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The Rocks of Valpré, UK 1919

Posted by keith1942 on December 20, 2015

Dell cover

This film was directed by Maurice Elvey and adapted from a popular novel by Ethel M. Dell. The film was produced by Stoll Picture Productions. I am fortunate in having seen the film from a 35mm print at both Il Giornate del Cinema Muto 1997 and the British Silent Film Festival [Leicester 2015]. I was impressed on both occasions. Curiously there is little written on the film. Even the BFI monograph on Elvey only mentions the film in passing.

Elvey’s output as a director is uneven. But when the story or themes catch his attention this seems to focus his direction. Certainly this film has a melodramatic plot, but it also offers some interesting settings and the opportunity to present conventional scenes in a distinctive manner.

Ethel Dell was a popular novelist though her work did not garner much critical praise. This novel was filmed again the 1930s. I have not seen it but details suggest that it was one of the less pre-processing ‘quota quickies’. This version was adapted by Byron Webber. He scripted a number of films in this period and also acted. I have not seen any of the others. In this film I thought what was distinctive was more to do with direction and scripting. A colleague at Leicester stated that the film follows the plot of the book fairly closely.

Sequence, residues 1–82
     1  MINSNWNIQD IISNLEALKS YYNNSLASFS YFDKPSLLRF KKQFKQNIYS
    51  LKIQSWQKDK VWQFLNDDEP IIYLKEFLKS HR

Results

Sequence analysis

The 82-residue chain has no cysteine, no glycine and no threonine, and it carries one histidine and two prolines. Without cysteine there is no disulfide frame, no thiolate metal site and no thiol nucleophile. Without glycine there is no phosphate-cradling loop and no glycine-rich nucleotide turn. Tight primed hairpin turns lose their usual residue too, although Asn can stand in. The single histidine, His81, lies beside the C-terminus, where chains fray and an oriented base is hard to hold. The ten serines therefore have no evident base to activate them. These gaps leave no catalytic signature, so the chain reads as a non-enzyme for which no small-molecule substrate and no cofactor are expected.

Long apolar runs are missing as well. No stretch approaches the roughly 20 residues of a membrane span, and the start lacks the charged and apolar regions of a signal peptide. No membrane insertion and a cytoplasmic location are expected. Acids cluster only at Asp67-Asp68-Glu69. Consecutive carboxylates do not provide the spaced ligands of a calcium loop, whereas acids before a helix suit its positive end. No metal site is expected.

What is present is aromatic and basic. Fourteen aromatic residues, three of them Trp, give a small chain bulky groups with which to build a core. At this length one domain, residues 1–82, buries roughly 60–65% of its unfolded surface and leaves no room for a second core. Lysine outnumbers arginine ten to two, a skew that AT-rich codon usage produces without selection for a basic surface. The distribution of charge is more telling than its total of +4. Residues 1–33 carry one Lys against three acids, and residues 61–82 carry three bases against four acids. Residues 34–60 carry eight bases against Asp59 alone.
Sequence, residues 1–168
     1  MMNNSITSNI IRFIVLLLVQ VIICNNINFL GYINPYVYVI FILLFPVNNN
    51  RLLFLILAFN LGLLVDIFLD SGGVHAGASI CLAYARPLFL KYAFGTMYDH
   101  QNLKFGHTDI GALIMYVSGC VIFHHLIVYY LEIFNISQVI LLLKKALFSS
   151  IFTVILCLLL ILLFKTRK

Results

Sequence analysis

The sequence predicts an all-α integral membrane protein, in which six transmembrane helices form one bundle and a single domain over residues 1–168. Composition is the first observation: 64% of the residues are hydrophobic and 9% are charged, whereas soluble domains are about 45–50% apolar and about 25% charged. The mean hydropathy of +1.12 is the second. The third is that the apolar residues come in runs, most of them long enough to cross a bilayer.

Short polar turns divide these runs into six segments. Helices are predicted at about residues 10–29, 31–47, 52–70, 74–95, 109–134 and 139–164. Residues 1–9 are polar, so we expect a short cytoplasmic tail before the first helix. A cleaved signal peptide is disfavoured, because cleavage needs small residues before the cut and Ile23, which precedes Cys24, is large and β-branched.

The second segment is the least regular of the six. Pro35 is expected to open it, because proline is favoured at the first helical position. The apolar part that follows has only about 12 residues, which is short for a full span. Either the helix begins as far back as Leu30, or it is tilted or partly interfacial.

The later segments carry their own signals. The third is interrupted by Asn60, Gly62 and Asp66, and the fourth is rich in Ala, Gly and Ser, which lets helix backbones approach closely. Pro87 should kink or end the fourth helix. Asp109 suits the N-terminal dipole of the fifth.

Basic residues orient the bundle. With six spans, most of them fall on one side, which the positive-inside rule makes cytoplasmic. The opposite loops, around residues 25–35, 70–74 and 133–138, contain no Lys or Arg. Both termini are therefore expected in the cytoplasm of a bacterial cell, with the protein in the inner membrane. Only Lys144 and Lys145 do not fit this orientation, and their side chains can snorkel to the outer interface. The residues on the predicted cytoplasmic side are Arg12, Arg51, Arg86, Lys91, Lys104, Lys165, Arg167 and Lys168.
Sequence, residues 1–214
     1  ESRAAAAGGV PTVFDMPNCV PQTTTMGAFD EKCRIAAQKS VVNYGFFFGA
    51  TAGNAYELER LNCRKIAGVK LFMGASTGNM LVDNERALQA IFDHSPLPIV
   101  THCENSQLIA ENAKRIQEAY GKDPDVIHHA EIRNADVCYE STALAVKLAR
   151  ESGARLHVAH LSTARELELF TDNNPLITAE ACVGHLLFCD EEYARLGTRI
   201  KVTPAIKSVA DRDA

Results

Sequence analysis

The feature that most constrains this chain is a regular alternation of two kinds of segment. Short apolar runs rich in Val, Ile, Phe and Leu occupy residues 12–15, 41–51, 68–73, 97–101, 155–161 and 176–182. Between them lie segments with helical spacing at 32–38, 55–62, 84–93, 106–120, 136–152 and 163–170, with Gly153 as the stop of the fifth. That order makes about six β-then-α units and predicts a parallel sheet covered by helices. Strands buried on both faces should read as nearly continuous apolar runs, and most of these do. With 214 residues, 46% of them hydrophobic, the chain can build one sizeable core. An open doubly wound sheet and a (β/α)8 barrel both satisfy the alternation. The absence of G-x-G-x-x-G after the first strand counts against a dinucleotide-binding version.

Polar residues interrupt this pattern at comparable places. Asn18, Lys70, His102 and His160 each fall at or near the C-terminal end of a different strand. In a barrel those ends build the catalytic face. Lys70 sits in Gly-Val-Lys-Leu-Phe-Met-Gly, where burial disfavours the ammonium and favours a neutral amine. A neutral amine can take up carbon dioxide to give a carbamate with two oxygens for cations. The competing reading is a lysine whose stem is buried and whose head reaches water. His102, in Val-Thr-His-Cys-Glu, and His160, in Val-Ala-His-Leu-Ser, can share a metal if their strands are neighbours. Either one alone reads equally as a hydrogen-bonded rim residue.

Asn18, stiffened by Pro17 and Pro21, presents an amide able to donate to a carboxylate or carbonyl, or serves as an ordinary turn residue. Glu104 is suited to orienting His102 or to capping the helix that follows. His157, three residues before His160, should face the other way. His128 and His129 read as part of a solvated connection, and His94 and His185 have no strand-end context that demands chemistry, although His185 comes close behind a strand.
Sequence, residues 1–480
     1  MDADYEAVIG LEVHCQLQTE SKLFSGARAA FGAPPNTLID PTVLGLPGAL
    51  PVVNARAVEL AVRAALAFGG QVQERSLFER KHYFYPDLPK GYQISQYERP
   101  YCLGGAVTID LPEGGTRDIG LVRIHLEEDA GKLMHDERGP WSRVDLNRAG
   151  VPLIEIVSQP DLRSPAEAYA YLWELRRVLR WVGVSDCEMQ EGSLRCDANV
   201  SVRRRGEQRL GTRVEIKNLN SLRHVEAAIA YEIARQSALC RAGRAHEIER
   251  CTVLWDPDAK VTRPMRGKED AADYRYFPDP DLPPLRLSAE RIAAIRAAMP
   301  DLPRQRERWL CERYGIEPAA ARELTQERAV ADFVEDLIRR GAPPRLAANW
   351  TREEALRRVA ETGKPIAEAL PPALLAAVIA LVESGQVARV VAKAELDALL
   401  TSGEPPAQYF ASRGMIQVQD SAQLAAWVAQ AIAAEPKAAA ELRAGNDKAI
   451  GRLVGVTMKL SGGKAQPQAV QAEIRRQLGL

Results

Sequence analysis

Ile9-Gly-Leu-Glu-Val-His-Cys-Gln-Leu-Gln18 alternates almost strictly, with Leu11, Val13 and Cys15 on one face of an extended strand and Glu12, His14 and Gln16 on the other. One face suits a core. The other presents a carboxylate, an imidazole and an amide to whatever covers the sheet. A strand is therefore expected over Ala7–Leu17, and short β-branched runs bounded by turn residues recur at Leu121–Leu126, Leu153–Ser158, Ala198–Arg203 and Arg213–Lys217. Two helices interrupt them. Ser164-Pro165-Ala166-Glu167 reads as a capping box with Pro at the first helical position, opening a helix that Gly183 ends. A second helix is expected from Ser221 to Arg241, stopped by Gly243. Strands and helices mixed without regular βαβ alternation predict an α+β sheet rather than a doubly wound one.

I thought there was some extremely well executed staging and cinematography. The latter was done by Paul Burger. Burger was a Belgium who worked for Stoll and appears to have been the regular cameraman in this period on films directed by Elvey. One of these was At the Villa Rosa adapted from a novel by A. E. W. Mason, which I also thought was pretty good.

“Elvey’s narrative skill sustains the complex structure of this detective mystery. … Paul Berger’s marvellous photography of the Riviera provides a rich, often almost “gothic” setting.” (Il Giornate del Cinema Muto Catalogue, 1997).

The Art Direction is listed by Dallas Cairns, an Australian. He certainly acted in several of the films directed by Elvey. And he also directed films and possibly also produced films. I have not found any other design credits for him.

The film used actual locations in Torquay, standing in for France. One sequence used Corbyn Head. These locations are some of the best sequences in the film. Elvey would seem to have thrived on location filming. His later Hindle Wakes (1927) has some fine location work in Blackpool, filmed by Basic Emmott.

The rest of the film was shot at the Surbiton Studio of Stoll Picture Productions. The company was the largest production firm in this period. In 1921 they moved to larger studios in Cricklewood. The basis for the film company was the Stoll Theatrical Empire. There is certainly a sense of that in some of the films of the period.

Il Giornate Catalogue comments on this film,

“With his usual skilfully chosen cast, Elvey does handsomely by Ethel M. Dell’s melodramatic novel of heroic sacrifice, turning it into a human and ultimately very moving story.”